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06 January 2008

Genuine or Not?

For whatever reason, I’m not a big fan of directly quoting large chunks of literature here (other than the Bible), but avid reader and Christ-follower Leroy sent me a bit of a John MacArthur study that mirrors my post yesterday. Actually, MacArthur said it before (and probably better than) I did, but that’s okay. Thought it was a great follow-up to yesterday’s post:

Character of a Genuine Saving Faith

1. Evidences that neither prove nor disprove one’s faith:

- Visible Morality (Matthew 19:16-21; 23:27)
- Intellectual Knowledge (Romans 1:21; 2:17)
- Religious Involvement (Matthew 25:1-10)
- Active Ministry (Matthew 7:21-24)
- Understanding* of Sin (Acts 24:25)
- Assurance [self-confidence] (Matthew 23)
- Time of Decision (Luke 8:13-14)

2. The fruit/proofs of authentic/true Christianity

- Love for God (Psalm 42:1; 73:25; Luke 10:27, Romans 8:7)
- Repentance from Sin (Psalm 32:5; Proverbs 28:13, Romans 7:14; 2 Corinthians 7:10; 1 John 1:8-10)
- Genuine Humility (Psalm 51:17; Matthew 5:1-12; James 4:6,9)
- Devotion to God’s Glory (Psalm 105:3, 115:1; Isaiah 43:7, 48:10; Jeremiah 9:23,24; 1 Corinthians 10:31)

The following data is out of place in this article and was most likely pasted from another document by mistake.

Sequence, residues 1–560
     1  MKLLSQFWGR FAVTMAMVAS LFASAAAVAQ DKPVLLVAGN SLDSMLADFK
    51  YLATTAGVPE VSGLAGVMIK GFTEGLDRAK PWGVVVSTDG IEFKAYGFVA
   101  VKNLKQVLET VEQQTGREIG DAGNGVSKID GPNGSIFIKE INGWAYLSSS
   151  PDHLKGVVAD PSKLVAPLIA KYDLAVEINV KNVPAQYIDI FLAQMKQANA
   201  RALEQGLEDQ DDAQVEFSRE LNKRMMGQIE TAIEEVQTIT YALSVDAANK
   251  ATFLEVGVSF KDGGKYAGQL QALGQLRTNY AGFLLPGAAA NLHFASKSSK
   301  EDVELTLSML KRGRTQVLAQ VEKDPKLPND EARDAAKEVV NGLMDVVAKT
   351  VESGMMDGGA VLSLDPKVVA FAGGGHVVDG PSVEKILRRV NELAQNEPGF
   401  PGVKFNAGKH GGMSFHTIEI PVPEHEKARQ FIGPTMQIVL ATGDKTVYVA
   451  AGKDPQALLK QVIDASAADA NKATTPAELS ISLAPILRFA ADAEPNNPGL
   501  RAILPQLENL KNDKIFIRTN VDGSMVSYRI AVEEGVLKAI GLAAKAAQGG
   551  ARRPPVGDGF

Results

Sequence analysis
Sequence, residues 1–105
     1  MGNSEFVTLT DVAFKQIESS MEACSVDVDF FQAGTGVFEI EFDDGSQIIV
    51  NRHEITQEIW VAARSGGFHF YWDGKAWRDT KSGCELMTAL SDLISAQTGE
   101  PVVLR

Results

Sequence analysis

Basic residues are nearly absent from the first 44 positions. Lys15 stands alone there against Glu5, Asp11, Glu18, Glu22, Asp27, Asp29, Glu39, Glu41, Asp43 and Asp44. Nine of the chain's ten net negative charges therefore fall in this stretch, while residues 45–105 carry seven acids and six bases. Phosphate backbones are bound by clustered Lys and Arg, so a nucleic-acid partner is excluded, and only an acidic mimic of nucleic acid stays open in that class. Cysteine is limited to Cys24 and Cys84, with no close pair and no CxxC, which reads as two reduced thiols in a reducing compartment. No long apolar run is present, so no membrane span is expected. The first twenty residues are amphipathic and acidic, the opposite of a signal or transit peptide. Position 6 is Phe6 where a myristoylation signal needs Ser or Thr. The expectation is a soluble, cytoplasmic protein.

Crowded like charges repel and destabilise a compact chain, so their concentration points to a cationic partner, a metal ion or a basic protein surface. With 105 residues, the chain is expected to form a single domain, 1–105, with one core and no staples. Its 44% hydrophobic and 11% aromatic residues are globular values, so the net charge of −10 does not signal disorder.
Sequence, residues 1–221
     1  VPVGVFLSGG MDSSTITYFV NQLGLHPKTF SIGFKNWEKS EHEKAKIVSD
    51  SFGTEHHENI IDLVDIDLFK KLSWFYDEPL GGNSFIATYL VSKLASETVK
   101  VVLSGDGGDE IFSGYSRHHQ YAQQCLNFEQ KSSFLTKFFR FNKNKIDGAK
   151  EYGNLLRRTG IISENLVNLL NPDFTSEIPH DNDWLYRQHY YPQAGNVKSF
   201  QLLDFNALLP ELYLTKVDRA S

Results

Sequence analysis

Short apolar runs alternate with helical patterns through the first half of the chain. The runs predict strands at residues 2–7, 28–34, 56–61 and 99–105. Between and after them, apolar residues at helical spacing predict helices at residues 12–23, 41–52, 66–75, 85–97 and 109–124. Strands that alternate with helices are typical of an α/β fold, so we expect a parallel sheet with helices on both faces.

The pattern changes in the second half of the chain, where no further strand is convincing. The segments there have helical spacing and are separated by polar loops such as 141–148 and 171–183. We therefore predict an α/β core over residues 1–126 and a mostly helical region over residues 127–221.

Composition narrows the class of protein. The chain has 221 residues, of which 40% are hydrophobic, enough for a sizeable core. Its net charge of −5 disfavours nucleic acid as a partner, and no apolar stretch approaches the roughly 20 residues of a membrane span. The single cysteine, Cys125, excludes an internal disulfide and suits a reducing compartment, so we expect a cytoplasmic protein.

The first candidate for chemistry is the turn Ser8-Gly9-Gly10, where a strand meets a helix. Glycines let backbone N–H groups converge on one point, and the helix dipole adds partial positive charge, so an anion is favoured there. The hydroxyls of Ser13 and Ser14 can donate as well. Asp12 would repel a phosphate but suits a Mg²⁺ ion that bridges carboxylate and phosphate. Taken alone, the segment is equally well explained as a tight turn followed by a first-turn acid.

- Continual Prayer (Luke 18:1; Ephesians 6:18; Philippians 4:6; 1 Timothy 2:1-4; James 5:16-18)
- Selfless Love (1 John 2:9, 3:14, 4:7)
- Separation from the World (1 Corinthians 2:12; James 4:4; 1 John 2:15-17, 5:5)
- Spiritual Growth (Luke 8:15; John 15:1-6; Ephesians 4:12-16)
- Obedient Living (Matthew 7:21; John 15:14; Romans 16:26; 1 Peter 1:2,22; 1 John 2:3-5)

If List 1 is true of a person and List 2 is false, there is cause to question the validity of one’s profession of faith. Yet if List 2 is true, then List 1 will be also.

(From Dr John MacArthur Study Bible Index Notes, © 1997 World Bible Publishing
http://www.gty.org/Products/Bibles/44NASHC)

*Here Leroy and I agree to depart from MacArthur’s original wording, “Conviction of sin.” I will go into more detail on this in tomorrow’s post.

14 comments:

Leroy said...

BEST post ever!!!

Leroy :)

Preston N said...

While I agree with everything MacArthur’s states regarding fruits
of an authentic Christian, MacArthur’s statements here are veiled in his underlining theology that needs to clarified. I would like to use Macarthur to make my point regarding the subject at hand. (I realize this is a long comment, but I am using this to make my point – so accept my apologies for using your comment section as a post of my own)